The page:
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Second Circuit Affirms Decision Rejecting Gathering Service Agreements in Bankruptcy

Posted in Energy

On May 25, 2018, the United States Court of Appeals for the Second Circuit upheld a district court’s decision that Sabine Oil & Gas Corporation could reject certain gathering service agreements in bankruptcy.  The agreements, with Nordheim Eagle Ford Gathering, LLC, provided that Nordheim would supply Sabine with certain gathering, transportation and treatment services for Sabine’s natural gas and condensate production.  The Court of Appeals determined that the agreements were not “real covenants that run with the land,” and therefore, could be rejected in bankruptcy as executory contracts.  Under Texas law, horizontal privity was required for a covenant to run with the land—i.e., “there must have been some common interest in the land other than the purported covenant itself at the time it was executed.”  That was not the case here, the court found.  Nor was the horizontal privity requirement satisfied by a separate agreement between Sabine and Nordheim providing for the conveyance of a pipeline easement and a separate parcel of land.  As a result, the agreements could be rejected in bankruptcy.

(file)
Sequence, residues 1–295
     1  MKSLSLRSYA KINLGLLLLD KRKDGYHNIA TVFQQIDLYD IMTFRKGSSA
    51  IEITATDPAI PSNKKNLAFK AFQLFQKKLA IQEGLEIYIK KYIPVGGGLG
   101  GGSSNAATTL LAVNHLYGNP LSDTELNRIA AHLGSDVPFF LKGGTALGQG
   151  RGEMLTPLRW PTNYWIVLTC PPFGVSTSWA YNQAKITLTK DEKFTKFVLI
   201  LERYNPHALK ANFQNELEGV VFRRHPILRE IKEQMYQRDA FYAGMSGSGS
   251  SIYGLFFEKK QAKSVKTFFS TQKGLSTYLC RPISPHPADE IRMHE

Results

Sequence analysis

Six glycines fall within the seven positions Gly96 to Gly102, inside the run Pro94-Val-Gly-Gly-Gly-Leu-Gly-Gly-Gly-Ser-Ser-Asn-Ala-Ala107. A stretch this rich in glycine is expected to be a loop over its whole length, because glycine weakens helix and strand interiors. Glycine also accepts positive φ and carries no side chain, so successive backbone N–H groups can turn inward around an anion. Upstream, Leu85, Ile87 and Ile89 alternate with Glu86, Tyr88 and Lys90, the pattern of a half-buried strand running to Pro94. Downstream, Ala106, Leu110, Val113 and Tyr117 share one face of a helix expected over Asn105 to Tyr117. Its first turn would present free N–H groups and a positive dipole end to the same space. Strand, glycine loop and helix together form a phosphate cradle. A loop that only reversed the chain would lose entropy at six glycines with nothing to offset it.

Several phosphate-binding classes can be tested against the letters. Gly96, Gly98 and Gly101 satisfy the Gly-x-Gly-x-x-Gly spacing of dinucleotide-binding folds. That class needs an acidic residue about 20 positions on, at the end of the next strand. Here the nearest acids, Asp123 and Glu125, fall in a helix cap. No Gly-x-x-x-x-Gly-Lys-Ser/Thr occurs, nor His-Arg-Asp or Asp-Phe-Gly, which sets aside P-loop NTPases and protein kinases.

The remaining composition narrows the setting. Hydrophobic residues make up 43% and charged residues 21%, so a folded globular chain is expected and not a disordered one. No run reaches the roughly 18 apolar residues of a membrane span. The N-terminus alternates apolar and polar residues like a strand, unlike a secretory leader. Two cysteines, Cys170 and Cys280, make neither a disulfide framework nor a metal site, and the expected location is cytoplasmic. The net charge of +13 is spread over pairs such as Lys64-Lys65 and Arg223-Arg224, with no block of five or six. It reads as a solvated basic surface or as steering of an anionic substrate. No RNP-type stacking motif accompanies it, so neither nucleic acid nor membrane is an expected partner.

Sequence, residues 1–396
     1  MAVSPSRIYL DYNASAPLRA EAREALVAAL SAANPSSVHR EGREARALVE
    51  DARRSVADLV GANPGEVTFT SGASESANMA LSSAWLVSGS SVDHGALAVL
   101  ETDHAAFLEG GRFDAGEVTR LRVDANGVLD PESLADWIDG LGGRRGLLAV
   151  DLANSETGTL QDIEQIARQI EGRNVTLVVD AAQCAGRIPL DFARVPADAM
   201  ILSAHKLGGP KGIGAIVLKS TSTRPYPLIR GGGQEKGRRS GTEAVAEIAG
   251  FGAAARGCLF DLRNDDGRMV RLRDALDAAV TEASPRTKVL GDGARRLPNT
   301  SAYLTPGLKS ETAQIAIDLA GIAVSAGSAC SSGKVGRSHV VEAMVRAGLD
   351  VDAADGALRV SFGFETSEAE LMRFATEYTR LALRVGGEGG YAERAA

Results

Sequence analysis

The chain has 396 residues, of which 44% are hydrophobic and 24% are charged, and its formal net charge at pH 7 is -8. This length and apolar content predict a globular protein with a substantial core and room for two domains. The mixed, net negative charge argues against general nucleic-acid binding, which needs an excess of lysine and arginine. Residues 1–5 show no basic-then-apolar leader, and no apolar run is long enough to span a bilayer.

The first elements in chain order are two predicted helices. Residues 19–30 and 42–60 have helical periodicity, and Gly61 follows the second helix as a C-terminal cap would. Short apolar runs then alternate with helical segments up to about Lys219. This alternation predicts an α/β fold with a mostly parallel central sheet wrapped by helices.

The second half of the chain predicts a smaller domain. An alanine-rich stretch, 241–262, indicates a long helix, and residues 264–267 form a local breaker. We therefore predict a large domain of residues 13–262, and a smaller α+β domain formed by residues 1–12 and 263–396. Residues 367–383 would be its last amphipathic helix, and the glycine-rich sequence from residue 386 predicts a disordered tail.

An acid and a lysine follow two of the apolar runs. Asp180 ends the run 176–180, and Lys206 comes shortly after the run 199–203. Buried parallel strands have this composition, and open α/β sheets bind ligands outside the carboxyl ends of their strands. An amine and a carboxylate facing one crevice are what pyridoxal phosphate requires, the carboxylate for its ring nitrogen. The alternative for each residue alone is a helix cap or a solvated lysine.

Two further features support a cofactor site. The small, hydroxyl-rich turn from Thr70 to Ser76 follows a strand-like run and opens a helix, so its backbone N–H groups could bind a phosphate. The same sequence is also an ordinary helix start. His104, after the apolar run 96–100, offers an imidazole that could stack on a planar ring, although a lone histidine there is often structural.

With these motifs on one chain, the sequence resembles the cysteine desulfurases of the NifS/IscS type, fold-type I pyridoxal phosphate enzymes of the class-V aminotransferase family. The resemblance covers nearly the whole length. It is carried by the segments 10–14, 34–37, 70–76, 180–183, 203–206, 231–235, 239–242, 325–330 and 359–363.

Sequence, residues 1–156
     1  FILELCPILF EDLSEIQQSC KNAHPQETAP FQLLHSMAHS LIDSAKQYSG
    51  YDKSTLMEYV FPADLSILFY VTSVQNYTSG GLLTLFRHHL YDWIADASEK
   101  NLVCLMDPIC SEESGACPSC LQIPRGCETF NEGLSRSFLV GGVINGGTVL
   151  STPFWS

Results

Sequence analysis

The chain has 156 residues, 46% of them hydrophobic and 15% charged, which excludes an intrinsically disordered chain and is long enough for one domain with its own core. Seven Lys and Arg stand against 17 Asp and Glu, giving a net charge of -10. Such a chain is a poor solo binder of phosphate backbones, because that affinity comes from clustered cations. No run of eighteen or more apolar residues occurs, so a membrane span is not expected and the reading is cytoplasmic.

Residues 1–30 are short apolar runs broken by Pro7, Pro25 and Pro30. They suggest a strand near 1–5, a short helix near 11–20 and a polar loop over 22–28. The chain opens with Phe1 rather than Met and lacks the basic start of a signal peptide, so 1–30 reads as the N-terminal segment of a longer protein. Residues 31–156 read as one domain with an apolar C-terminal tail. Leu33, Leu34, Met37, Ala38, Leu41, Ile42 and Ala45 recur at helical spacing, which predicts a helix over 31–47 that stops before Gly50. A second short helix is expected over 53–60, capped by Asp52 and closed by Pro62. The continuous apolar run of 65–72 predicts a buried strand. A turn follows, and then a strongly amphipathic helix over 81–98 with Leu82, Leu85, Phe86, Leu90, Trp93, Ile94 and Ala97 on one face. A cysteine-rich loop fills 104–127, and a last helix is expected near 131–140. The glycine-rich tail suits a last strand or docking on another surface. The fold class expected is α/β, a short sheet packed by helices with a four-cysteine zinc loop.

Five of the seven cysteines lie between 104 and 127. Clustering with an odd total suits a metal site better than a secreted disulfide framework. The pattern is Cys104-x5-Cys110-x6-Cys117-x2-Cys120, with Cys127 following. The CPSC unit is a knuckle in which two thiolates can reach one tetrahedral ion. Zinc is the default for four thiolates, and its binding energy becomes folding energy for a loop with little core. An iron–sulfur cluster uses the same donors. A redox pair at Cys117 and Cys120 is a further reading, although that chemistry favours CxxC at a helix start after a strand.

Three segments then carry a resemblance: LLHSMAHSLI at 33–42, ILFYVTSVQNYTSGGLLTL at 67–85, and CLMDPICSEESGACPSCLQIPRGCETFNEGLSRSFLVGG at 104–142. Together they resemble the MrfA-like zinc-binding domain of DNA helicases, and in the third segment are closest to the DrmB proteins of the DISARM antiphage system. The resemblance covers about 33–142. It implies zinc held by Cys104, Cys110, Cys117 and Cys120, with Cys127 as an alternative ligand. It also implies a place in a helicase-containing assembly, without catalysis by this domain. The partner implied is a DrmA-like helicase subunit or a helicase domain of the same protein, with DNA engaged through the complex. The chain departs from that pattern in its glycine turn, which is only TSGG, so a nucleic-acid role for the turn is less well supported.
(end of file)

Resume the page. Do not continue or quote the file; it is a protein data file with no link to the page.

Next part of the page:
Click here to read the decision.

Federal Court Affirms Decision to Lift Stay on Litigation Challenging WOTUS Rule

Posted in Environment

On May 1, 2018, a federal judge for the U.S. District Court for the District of North Dakota affirmed a Magistrate’s decision to lift the stay on a group of 13 States’ lawsuit challenging U.S EPA’s the Army Corps’ 2015 rule defining “waters of the United States” (“WOTUS”) under the Clean Water Act.  The Court stayed the case in May 2016 in light of the Sixth Circuit’s decision that exclusive jurisdiction to review the 2015 WOTUS Rule rests in the courts of appeal under the Clean Water Act’s judicial review provision.  However, the U.S. Supreme Court reversed the Sixth Circuit’s decision on January 22, 2018, and ordered all lawsuits challenging the WOTUS Rule be filed in the federal District Courts.